Wedding traditions -- where do they come from? What do they mean? Wedding Traditions Reboot looks at the history behind these customs and offers inspiration for how to use old and even ancient traditions from the past as a springboard to plan your own wedding with unique twists that make them new -- that make them uniquely your own.
Sunday, October 25, 2015
History of Flower Girls
Today, flower girls are a pretty standard (but precious)
part of most wedding parties. Some brides choose to have one flower girl, while
others may have several. They are an adorable wedding tradition, but have you
ever wondered about the history of flower girls? Like many wedding traditions the origins are not 100 percent certain. Some sources say the
origin of flower girls goes back centuries to Ancient Rome while others
suggest the tradition got its start in Britain.
The tie to ancient Rome goes back to young attendants who
carried sheaves of wheat and herbs to ensure blessings of prosperity and
fertility to the married couple. By the Medieval times, it was bouquets of
garlic which were believed to ward off evil spirits.
It was during the Elizabethan Era that the tradition of
scattering flower petals came into practice. At that time, brides followed a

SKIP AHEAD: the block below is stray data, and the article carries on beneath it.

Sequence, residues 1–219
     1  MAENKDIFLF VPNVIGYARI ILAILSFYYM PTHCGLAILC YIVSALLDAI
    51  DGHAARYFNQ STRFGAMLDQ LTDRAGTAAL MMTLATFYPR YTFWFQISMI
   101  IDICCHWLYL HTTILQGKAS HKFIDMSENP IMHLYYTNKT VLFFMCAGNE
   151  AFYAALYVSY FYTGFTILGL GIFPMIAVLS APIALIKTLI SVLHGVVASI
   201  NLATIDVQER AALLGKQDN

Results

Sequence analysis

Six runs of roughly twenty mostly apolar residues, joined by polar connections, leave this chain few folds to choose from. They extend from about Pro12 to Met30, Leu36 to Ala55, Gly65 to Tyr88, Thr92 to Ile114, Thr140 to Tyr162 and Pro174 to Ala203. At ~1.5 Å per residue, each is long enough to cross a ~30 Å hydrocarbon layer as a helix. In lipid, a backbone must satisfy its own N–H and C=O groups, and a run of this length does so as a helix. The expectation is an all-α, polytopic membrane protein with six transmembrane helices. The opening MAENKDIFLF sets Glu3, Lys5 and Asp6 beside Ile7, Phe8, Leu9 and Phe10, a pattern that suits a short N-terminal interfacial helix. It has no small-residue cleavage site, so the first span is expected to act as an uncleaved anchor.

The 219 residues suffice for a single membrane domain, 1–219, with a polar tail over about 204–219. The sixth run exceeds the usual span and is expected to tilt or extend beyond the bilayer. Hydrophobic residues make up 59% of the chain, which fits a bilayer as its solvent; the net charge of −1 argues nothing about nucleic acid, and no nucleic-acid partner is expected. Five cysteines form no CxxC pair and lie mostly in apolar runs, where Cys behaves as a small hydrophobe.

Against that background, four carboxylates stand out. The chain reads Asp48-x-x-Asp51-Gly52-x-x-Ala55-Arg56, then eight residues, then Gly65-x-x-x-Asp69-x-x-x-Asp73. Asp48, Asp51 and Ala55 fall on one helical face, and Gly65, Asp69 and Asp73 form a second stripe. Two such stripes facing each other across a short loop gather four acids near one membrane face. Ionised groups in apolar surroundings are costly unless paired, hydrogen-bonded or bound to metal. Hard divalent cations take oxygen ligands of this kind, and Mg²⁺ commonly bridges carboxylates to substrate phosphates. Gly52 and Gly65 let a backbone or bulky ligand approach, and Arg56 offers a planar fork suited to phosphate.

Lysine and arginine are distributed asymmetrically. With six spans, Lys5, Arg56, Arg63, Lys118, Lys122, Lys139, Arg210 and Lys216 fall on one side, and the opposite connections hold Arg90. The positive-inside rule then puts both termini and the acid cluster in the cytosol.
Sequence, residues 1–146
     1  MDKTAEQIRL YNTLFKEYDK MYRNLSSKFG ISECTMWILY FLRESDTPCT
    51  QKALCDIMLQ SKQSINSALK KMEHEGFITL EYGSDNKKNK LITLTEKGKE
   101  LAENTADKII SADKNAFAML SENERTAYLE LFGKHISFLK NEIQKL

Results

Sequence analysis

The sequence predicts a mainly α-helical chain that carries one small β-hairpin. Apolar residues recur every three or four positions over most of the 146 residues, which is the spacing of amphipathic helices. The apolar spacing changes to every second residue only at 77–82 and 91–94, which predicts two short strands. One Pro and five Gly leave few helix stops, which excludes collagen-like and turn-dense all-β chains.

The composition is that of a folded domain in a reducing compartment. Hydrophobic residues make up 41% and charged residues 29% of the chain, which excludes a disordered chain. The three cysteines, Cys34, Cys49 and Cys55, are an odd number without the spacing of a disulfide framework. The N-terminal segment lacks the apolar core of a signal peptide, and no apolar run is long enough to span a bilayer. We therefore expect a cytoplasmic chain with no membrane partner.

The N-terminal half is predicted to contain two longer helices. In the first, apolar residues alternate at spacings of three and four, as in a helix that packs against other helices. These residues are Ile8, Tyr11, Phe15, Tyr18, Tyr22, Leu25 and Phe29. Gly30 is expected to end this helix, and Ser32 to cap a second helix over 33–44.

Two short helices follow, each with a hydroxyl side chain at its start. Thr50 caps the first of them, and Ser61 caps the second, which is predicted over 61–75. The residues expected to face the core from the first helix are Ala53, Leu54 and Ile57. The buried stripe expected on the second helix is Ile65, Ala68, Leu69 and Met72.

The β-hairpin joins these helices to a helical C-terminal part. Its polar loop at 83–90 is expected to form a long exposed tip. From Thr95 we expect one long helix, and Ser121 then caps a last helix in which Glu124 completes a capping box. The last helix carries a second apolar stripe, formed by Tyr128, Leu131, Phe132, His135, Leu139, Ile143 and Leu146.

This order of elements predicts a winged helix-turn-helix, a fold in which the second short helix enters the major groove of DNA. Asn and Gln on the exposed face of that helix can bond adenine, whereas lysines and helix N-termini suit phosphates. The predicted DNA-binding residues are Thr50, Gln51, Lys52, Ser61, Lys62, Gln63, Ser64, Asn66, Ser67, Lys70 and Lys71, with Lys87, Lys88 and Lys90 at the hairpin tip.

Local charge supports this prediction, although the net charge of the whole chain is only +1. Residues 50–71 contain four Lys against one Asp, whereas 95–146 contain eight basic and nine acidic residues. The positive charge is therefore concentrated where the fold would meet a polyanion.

path of petals from their house to the church. To create this path, flower girls followed musicians
in a wedding procession and carried a gold-plated rosemary branch and a silver
cup adorned with ribbons and filled with flower petals and rosemary sprigs.
This cup was known as the bride's cup, and the petals were considered a symbol of fertility and thought to give the couple good luck.
In the Victorian era flower girl looked more like the flower
girls of today. They were young and innocent and dressed in a simple white dress which was sometimes adorned with a colored sash made of satin or silk. She carried a gorgeously decorated basket filled fresh blooms or wore a floral hoop on
her head. The circular shape of the hoop was symbolic of true love which has no
end -- the same meaning bestowed on wedding rings.
In Western Europe, the tradition of including children as attendants
in weddings also included a ring bearer and often included other attendants in
the wedding party, too. Many royal and society weddings still follow this
tradition today with two or more flower girls.